Reinventing the wheel: American women and the automobile in the early car culture.
AuthorScharff, Virginia Joy.
KeywordsWomen automobile drivers -- United States.
Automobiles -- Social aspects -- United States.
Women in popular culture -- United States.
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PublisherThe University of Arizona.
RightsCopyright © is held by the author. Digital access to this material is made possible by the University Libraries, University of Arizona. Further transmission, reproduction or presentation (such as public display or performance) of protected items is prohibited except with permission of the author.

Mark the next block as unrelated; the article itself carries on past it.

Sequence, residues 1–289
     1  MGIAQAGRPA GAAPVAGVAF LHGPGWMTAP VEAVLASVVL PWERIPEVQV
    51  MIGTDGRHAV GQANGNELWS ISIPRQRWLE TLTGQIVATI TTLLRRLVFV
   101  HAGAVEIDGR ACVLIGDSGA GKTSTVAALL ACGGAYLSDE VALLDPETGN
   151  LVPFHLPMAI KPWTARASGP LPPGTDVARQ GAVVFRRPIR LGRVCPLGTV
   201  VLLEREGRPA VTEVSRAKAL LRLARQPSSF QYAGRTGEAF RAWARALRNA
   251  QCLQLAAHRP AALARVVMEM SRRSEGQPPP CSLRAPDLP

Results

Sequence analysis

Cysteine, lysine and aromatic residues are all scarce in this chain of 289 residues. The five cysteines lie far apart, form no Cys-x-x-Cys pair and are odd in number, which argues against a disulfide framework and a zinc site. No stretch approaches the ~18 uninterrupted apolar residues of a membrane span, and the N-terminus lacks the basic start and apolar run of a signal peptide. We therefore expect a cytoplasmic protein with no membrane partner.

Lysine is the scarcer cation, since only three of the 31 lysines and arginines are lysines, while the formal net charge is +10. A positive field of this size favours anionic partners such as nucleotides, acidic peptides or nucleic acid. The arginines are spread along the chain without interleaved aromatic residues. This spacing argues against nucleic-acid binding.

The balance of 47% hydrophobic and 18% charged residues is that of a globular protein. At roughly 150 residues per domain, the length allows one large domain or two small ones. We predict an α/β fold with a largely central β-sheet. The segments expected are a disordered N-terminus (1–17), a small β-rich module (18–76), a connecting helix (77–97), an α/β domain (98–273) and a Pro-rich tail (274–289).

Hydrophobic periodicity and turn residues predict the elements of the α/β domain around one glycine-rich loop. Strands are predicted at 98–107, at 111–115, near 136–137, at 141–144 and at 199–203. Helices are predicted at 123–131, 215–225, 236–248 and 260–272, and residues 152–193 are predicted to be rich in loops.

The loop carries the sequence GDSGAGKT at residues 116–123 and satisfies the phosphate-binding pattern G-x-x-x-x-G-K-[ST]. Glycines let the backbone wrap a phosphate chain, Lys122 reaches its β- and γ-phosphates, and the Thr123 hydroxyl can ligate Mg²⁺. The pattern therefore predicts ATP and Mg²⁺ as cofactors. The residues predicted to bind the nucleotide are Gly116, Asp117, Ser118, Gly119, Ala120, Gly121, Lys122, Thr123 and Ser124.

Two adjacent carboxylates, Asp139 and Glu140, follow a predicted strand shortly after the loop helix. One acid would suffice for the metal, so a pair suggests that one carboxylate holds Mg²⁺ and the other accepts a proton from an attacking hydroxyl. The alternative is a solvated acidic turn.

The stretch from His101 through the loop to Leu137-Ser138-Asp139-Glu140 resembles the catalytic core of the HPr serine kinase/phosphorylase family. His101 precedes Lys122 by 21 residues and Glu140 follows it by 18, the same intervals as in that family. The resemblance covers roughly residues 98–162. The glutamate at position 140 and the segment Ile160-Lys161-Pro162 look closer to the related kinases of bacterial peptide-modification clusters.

AbstractThis dissertation examines the interplay between gender ideology, women's actions, and automotive technology in the United States from the beginning of the automotive era through the 1920's. Looking at cultural ideology as a strong yet fragmented and malleable historical force, I have analyzed the effect of popular conceptions of masculinity and femininity on the design, marketing, and use of automobiles. At the same time, I have attempted to show how motorcars, often employed as vehicles of social ideals, promoted some reinterpretation of men's and women's proper roles and places. The auto indeed served as a focus for discourse about the contingent relation between social and political emancipation. While some observers expected the automobile to liberate women from domesticity and subordination, others insisted on the congruence between automobility and domestic life. Though some women would use cars as tools of social or political nonconformity, the auto ultimately transformed and extended women's spatial and temporal province, while preserving the home as the ideal hub of women's activities. Still, the car culture revision of gender ideology had profound consequences for the way the private family car would emerge as a primary transportation mode, facilitating new manners and morals, new commercial and political possibilities, and a revolution in urban development.